Oramorph is a pain-relieving medication prescribed to patients who are experiencing severe, ongoing pain, such as pain resulting from cancer. It is an opioid analgesic, which means it reduces pain by changing the way the brain and body interpret and respond to it. Extended-relief Oramorph should be used only to treat ongoing pain rather than mild pain or short-term pain, such as pain after surgery.
Only patients who are accustomed to taking moderate to large amounts of opioid pain-relievers should use high strength Oramorph with 100 milligrams or more per tablet. If you use high strength Oramorph and your body is not used to the medication, you could potentially overdose — even fatally. For this reason, you should never use Oramorph unless you have a prescription for it from your doctor.
As with any new medication, Oramorph can produce side effects during the early stages of treatment. Common Oramorph side effects include nausea, vomiting, constipation, sweating, lightheadedness, dizziness, and drowsiness. These common side effects associated with Oramorph should go away as the body adjusts to the medication. If they do not go away, or if they become any worse, be sure to notify your doctor promptly.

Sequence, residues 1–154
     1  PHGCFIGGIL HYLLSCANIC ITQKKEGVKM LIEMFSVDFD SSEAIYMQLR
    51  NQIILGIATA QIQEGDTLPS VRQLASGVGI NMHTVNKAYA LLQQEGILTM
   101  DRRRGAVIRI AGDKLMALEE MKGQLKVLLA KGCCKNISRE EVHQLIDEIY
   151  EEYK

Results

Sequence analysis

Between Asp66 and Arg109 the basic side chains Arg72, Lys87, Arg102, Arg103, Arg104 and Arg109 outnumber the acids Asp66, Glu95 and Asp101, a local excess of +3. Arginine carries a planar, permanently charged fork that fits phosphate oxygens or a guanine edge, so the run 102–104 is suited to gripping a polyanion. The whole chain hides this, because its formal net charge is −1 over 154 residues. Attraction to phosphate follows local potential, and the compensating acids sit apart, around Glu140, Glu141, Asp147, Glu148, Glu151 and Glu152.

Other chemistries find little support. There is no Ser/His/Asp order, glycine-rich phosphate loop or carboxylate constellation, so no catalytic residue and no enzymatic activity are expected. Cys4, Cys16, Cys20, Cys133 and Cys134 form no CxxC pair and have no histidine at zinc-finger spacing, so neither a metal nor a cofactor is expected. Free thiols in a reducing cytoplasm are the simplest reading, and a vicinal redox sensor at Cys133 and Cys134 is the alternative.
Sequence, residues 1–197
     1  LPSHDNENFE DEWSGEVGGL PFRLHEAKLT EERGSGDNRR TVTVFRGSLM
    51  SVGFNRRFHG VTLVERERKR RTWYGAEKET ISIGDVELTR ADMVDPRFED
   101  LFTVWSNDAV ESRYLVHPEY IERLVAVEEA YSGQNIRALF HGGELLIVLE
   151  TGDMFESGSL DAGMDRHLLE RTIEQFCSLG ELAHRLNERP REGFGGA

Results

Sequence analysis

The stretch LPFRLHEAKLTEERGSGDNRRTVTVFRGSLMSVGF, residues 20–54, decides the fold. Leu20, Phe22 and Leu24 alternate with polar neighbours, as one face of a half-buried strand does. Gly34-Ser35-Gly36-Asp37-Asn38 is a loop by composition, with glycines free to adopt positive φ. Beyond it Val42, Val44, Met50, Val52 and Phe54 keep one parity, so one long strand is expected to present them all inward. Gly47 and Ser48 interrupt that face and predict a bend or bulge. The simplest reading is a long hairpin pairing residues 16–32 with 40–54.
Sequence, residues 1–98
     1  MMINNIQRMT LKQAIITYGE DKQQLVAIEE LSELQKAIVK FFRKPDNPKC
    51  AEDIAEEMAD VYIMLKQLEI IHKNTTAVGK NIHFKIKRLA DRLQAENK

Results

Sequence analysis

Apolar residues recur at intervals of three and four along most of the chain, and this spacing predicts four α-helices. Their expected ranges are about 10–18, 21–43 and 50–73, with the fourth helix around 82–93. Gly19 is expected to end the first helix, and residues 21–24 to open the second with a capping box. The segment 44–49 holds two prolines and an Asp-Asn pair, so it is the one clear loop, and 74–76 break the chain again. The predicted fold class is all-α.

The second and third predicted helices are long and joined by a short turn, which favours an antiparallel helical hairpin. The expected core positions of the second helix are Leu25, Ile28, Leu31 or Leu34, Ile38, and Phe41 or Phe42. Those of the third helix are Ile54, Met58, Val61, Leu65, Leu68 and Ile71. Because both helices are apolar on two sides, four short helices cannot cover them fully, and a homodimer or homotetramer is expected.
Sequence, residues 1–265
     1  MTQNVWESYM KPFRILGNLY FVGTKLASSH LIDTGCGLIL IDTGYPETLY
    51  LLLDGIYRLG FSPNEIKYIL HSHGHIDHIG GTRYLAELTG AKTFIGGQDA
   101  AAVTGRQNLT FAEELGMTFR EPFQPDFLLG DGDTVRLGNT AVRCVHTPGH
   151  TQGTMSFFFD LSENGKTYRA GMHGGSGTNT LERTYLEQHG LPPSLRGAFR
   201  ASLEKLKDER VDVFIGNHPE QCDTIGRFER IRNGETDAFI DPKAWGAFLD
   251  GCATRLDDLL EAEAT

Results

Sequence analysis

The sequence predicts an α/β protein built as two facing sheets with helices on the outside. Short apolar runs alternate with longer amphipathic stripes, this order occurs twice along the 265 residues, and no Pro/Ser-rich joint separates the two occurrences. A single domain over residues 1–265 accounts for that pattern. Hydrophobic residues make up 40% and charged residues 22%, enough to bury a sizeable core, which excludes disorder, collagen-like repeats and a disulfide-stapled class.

Serious side effects of this medication, which should be reported to your doctor as soon as possible, include mood changes, agitation, confusion, hallucinations, severe stomach or abdominal pain, difficulty urinating, and signs of your adrenal glands not working well (e.g., loss of appetite, unusual tiredness, and weight loss).
This is not a complete list of all the potential side effects associated with Oramorph. If you believe you are experiencing a side effect of the medication not mentioned above, call your doctor.
Oramorph patients using the medication responsibly may still develop an Oramorph addiction or dependence. If you notice signs of Oramorph addiction in yourself or someone you know, seek help immediately. Signs that may point to Oramorph abuse are losing interest in the hobbies and activities you once enjoyed, becoming obsessed with finding and taking Oramorph, and performing poorly or abnormally at school or work.
Long-term effects of using Oramorph include rashes, difficulty urinating, fainting, blue tinge to the skin, and difficulty breathing. For this reason, do not take Oramorph unless you have a prescription.
If you or someone you know is struggling with Oramorph addiction or another type of substance use disorder, seek professional assistance as soon as possible. To learn more about the life-saving programs and resources offered through The Recovery Village, visit call our confidential, 24-hour hotline at 877-590-1263.
The Recovery Village aims to improve the quality of life for people struggling with substance use or mental health disorder with fact-based content about the nature of behavioral health conditions, treatment options and their related outcomes. We publish material that is researched, cited, edited and reviewed by licensed medical professionals. The information we provide is not intended to be a substitute for professional medical advice, diagnosis or treatment. It should not be used in place of the advice of your physician or other qualified healthcare providers.